Money rules

Bank holiday budget blues? Money columnist Amanda Blinkhorn explains how to keep a tight(ish) rein…


If weekends are bad news for dieters then bank holidays are just as risky for anyone trying to rein in their spending. I can just about stick to a budget when I’m working – at least it takes another nine hours off my available shopping window, but bank holidays are another story. At least in the past most shops had the decency to keep their doors firmly shut on bank holidays – and it was harder to get your hands on the dosh because, er, the banks were closed. Now the sky’s the limit. When I’m at work the maximum I can blow – and that’s if I really concentrate – is about a tenner – a fiver on lunch, a couple of £1 coffees and £3 on the bus. But if I have a free day and a fellow conspirator, then lunch might start with a modest pizza but before you can say “cheeky glass of Prosecco?” I’ll be down £20 before they’ve produced the pudding menu.

Going to work, especially for women who return to the office after a career break, is often hauled out as an expensive business – all that extra spending on travel, clothes and make-up. I always thought that those arguments were as spurious as those made by parents who claimed that they couldn’t afford school uniforms. I’m not a fan of uniforms but with one child at a uniform-wearing secondary school and the other at a non-uniform primary, I know which one costs most to clothe – and it isn’t the one in M&S skinny fit black trousers. It’s the same with work clothes for grown-ups. The last time I looked, it cost me just as much to buy a pair of jeans as it did to buy a dinky little wrap dress from eBay.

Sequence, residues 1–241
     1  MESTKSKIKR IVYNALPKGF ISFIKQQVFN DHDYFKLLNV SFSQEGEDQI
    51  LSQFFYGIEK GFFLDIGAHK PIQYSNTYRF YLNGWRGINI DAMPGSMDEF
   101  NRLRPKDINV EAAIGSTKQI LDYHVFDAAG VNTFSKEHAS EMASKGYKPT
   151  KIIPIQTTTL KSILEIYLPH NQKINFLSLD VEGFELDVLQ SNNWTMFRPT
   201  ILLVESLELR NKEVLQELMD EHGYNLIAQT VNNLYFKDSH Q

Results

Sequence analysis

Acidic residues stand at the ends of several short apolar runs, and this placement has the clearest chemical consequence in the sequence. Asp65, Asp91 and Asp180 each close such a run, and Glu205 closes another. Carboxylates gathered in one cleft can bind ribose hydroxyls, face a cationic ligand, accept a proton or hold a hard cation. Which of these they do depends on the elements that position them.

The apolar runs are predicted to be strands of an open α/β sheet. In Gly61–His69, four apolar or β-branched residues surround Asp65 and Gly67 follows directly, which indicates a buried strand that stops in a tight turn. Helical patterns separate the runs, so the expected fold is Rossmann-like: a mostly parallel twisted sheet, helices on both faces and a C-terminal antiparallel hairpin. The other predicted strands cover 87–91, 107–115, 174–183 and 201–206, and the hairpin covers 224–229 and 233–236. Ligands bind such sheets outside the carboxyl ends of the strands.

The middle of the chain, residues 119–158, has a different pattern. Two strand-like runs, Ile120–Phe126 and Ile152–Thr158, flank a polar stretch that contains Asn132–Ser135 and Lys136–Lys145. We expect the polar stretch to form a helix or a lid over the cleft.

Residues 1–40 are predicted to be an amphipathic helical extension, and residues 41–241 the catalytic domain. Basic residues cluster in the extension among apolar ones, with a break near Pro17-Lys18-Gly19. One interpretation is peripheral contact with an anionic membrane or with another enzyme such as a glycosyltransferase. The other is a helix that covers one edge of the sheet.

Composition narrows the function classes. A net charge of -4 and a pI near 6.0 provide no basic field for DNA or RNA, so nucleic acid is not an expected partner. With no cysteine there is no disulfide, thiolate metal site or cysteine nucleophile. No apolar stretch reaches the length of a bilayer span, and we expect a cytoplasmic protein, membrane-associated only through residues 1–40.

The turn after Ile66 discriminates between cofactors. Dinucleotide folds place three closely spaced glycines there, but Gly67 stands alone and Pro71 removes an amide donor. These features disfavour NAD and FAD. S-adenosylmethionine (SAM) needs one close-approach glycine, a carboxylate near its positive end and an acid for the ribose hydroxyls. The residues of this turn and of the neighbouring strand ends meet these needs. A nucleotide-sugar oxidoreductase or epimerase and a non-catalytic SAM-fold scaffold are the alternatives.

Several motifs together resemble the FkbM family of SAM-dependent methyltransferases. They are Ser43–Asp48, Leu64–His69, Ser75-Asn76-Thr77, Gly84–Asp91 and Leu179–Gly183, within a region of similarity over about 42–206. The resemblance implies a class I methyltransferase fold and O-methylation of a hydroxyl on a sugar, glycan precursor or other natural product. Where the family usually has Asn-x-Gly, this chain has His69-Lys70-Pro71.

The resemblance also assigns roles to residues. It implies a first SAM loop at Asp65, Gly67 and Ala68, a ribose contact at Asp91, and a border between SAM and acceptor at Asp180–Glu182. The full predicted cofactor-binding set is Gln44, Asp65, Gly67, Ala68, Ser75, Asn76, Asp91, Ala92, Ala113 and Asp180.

That’s mainly because I’ve switched from indestructible 300 denier black Lycra to ten denier nude summer tights, which are about as durable as my one pair a day contact lenses. But I have a plan. I made yet another detour to my friendly neighbourhood beauty salon on Saturday and managed to justify it as an economic drive.

Here’s how I did it. I worked out that I get through at least four new pairs of tights in an average week, which at £3.50 a pair racks up at £14 a week. The cost of a pedicure is £25, which enables my callused old hooves to be seen tights-free in sandals for a month. Monthly expenditure on tights £56, result, as Mr Micawber might have said, misery. Monthly expenditure on pedicure £25? Result, happiness. It’s a no brainer. Before you could say Rimmel London I’d whipped off my tights and had my feet in a mini Jacuzzi picking my way through OPI’s 50 shades of pink.

It all went swimmingly till I scuttled home through a hailstorm, realising I hadn’t factored in how badly Princesses Rule Pink clashes with corned beef coloured knees. Damn the fickle British weather. Fortunately I’ve got a day off on Monday, which gives me time to take up that £20 spray tan offer. Hey ho, in for a penny…

Amanda Blinkhorn is a freelance journalist who has been writing about money, family life and everything in between since she was 19.

She blogs here almost every day and writes the Money Matters finance column in Candis magazine as well as for The Sunday Times and other newspapers and magazines. She lives in London with her four children aged between 8 and 19. She has almost finished training to be an adult literacy teacher and will qualify this summer, if she ever finishes those pesky essays.

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